Reflections on a weekend retreat for veterans couples

file-7At the beginning of November, CVN and the Tragedy Assistance Program for Survivors (TAPS) co-sponsored a weekend retreat designed for veterans and their partners at the Silver Spur Ranch outside of Bandera, TX.  The retreat was designed to help couples cope, heal, and support each other, particularly in the face of grief and loss.  Seven couples from across the country attended the 3-day event, which was led by highly experienced TAPS grief and family counselors.

The weekend was a mixture of difficult conversations and inspiring stories.  Through education, storytelling, and peer support, couples spoke candidly with each other, with other couples, and with counselors about the power of forgiveness, the difficulty of self-expression, and the pain of loss.  The transformation of the couples over the course of the weekend was profound, as was the strength of the connections that were made between couples and with the counselors.

Not only were the conversations important, but the activities and surroundings at the secluded and serene ranch helped to create an environment of reflection and care.  Couples took time to hike through the Texas Hill Country.  Many rode horses together.  An afternoon hayride took everyone into a large herd of majestic longhorns who posed for many photos.  Evenings were spent at the campfire, eating s’mores and laughing at stories about first dates, weddings, and children.

At the end of the retreat, couples provided feedback on their experiences and what they learned throughout the weekend.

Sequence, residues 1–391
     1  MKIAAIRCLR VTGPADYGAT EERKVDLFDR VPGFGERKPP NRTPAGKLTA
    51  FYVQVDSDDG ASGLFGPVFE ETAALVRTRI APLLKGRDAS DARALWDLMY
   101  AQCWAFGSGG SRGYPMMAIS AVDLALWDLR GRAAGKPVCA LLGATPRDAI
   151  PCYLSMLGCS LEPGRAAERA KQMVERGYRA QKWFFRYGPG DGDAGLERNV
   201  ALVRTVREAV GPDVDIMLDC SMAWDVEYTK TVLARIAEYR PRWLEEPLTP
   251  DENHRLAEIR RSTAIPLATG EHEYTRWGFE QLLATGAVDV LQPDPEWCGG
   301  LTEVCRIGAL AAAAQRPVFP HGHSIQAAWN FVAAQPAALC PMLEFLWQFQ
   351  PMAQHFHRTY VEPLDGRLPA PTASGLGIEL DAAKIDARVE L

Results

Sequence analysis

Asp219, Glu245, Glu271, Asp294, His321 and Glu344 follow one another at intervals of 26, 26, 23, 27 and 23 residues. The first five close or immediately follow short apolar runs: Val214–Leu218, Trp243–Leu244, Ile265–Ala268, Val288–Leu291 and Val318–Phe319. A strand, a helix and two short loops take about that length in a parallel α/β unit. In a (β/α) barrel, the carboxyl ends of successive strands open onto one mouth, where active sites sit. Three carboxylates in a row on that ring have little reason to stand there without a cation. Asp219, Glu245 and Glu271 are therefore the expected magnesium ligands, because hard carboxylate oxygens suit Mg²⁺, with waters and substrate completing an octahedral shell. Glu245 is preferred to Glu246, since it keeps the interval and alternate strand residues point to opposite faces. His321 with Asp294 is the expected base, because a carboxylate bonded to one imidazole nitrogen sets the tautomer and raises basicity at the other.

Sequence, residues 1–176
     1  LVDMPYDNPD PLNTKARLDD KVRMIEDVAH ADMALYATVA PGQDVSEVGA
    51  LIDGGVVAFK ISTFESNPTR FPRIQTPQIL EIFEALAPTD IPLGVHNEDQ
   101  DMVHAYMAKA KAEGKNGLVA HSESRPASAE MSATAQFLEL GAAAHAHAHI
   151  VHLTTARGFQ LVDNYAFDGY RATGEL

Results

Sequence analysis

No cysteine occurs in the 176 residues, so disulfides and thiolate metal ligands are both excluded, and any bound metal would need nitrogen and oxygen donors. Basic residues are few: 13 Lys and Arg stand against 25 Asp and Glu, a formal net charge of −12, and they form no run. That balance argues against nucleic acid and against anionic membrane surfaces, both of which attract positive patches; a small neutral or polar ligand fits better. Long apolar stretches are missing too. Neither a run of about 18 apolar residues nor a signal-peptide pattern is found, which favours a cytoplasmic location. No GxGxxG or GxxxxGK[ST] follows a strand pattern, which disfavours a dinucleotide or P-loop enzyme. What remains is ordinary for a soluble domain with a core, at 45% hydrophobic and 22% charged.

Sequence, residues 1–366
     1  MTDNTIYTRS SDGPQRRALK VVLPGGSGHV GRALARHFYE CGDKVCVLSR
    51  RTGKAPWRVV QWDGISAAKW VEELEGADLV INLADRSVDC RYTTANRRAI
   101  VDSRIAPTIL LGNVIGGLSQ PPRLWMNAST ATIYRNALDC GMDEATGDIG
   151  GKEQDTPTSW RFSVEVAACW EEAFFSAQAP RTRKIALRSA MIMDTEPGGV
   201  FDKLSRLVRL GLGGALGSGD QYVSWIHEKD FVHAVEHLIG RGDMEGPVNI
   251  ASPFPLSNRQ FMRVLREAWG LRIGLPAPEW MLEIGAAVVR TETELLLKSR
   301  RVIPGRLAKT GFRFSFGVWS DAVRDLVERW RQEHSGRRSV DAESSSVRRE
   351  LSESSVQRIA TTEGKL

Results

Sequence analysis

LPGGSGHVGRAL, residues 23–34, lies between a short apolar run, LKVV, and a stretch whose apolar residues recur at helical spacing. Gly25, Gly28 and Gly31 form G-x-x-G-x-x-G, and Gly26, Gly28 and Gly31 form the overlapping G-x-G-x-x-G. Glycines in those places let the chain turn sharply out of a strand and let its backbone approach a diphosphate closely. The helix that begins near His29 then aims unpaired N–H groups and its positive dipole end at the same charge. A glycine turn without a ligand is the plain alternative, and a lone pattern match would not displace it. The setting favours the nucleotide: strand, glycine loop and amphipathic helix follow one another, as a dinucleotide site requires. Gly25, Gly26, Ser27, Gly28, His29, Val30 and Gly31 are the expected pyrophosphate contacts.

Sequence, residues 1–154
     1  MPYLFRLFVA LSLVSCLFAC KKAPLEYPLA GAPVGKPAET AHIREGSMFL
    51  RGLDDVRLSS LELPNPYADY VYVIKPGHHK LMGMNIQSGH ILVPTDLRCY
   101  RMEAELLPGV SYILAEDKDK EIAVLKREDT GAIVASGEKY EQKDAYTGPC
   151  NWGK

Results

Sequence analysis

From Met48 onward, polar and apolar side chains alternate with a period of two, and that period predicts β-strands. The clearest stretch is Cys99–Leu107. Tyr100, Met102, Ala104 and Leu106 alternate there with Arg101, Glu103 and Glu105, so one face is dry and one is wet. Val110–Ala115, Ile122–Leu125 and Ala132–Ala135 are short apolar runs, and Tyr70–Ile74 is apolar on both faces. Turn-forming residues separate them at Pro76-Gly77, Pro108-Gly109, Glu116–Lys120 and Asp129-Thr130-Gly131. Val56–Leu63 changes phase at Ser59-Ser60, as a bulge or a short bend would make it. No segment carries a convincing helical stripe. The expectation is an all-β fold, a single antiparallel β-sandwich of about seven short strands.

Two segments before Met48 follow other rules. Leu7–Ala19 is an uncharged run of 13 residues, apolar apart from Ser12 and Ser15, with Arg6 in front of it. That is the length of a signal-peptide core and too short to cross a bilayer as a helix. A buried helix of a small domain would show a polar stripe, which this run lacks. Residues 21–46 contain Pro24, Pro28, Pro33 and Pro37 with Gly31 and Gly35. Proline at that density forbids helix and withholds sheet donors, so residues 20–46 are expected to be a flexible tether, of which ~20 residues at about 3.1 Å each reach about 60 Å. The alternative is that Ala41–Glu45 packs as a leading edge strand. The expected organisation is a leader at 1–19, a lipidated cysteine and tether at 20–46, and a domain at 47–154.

Some reflections were:


Being able to share my problems and what we have done to recover was really helpful. It was great to know we are not alone, and to hear what others have done to recover.

 Learning that grief, loss or guilt are main reasons behind anger, isolation, etc. was most helpful. Allowing time for couples to connect alone or when given activities, to complete and then discuss in a group were helpful too.

 I learned to give my spouse space at times he is angry – I am not the only person going through such things and there are people who care.

These statements after a time of healing and connection are so important, particularly as we enter this week of Thanksgiving.  No matter what you and your loved ones may be coping with, it is crucial to remember that you are not alone.  That there are others who have walked in very similar shoes.  And that there are so many people who care.

From those of us at Cohen Veterans Network, we wish you and your loved ones a warm, safe, and peaceful Thanksgiving.

By Caitlin Thompson, Ph.D.
CVN Vice President, Community Partnerships